1 Daughter of Dr. Swinfen, Johnson's godfather, and widow of Mr. Desmoulins a writingmaster.-BOSWELL.

you begin with the strength of your cause, it may be lost before they begin to listen. When you catch a moment of attention, press the merits of the question upon them." He said, as to one point of the merits, that he thought "it would be a wrong thing to deprive the small landholders of the privilege of assessing themselves for making and repairing the high roads; it was destroying a certain portion of liberty, without a good reason, which was always a bad thing." When I mentioned this observation next day to Mr. Wilkes, he pleasantly said, "What! does he talk of liberty? Liberty is as ridiculous in his mouth as Religion in mine." Mr. Wilkes's advice, as to the best mode of speaking at the bar of the House of Commons, was not more respectful towards the senate, than that of Dr. Johnson: "Be as impudent as you can, as merry as you can, and say whatever comes uppermost. Jack Lee' is the best heard there of any counsel; and he is the most impudent dog, and always abusing us.'

In my interview with Dr. Johnson this evening, I was quite easy, quite as his companion; upon which I find in my Journal the following reflection: "So ready is my mind to suggest matter for dissatisfaction, that I felt a sort of regret that I was so easy. I missed that awful reverence with which I used to contemplate Mr. Samuel Johnson, in the complex magnitude of his literary, moral, and religious character. I have a wonderful superstitious love of mystery; when, perhaps, the truth is, that it is owing to the cloudy darkness of my own mind. I should be glad that I am more advanced in my progress of being, so that I can view Dr. Johnson with a steadier and clearer eye. My dissatisfaction to-night was foolish. Would it not be foolish to regret that we shall have less mystery in a future state? That 'we now see in a glass darkly,' but shall then see face to face?""-This reflection, which I thus freely communicate, will be valued by the thinking part of my readers, who may have themselves experienced a similar state of mind.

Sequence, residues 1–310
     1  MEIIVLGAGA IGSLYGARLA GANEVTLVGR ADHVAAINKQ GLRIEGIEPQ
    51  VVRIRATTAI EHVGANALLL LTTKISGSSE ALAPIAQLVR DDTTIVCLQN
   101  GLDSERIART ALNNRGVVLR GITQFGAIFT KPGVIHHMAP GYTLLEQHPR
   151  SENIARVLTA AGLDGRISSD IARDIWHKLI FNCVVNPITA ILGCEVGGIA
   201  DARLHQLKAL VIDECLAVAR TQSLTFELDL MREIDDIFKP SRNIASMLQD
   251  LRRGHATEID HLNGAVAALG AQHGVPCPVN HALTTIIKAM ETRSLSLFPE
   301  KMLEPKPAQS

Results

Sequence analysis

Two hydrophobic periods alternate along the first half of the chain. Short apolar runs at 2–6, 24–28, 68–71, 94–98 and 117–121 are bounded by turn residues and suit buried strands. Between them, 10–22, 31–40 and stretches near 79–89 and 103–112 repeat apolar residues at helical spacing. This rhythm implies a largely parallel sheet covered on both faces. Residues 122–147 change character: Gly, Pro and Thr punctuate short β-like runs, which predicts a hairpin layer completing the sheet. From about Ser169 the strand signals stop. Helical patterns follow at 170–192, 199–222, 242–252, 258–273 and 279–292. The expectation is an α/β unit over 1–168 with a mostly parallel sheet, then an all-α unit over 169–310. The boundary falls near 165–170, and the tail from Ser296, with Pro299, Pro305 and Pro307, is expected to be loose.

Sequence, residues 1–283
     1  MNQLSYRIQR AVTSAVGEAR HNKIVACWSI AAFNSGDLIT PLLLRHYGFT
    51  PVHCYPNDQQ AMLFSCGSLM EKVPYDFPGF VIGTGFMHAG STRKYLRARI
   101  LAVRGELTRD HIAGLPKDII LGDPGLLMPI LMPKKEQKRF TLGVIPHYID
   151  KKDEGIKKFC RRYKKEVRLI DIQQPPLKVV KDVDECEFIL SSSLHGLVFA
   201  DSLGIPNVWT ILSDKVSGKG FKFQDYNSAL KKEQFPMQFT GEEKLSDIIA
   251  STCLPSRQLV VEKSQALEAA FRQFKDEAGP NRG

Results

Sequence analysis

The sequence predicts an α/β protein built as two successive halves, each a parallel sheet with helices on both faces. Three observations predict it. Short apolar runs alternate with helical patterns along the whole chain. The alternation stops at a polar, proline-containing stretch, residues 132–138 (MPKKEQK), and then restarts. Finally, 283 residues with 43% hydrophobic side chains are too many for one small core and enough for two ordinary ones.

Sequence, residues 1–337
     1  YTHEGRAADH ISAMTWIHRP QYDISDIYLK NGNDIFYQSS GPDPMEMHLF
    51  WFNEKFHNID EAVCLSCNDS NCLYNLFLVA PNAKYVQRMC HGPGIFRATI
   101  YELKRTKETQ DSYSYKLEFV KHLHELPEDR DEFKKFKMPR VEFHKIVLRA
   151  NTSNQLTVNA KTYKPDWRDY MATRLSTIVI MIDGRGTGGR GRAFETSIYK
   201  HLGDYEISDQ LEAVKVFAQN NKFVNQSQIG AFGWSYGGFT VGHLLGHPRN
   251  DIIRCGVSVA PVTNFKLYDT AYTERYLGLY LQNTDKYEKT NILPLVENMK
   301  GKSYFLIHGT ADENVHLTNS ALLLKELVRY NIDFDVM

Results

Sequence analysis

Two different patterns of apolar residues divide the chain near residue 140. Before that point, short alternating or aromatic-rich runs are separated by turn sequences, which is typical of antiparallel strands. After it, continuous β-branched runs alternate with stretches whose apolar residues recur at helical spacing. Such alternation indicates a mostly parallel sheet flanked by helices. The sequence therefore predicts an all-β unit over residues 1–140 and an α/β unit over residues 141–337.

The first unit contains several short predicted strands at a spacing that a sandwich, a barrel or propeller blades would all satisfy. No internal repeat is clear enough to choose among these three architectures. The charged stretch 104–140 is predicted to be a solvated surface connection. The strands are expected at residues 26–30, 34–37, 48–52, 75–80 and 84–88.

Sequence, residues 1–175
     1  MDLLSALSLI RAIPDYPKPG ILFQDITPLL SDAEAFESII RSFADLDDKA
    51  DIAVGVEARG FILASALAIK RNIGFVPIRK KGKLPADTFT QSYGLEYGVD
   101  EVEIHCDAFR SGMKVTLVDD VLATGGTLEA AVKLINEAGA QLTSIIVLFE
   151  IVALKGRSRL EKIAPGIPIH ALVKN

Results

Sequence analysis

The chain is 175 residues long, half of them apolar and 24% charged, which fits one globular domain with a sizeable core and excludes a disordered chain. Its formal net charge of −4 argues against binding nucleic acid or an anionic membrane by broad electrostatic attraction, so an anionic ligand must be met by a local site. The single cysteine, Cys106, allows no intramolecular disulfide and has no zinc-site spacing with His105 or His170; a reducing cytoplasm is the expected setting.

He returned next day to Streatham, to Mr. Thrale's; where, as Mr. Strahan once complained to me, "he was in a great measure absorbed from the society of his old friends." I was kept in London by business, and wrote to him on the 27th, that a separation from him for a week, when we were so near, was equal to a separation for a year, when we were at four hundred miles distance." I went to Streatham on Monday, March 30. Before he appeared, Mrs. Thrale made a very characteristical remark:-"I do not know for certain what will please Dr. Johnson: but I know for certain that it will displease him to praise anything, even, what he likes, extravagantly."

At dinner he laughed at querulous declamations against the age, on account of luxury,-increase of London,-scarcity of provisions,—and

1 Afterwards Solicitor-general under the Rockingham administration.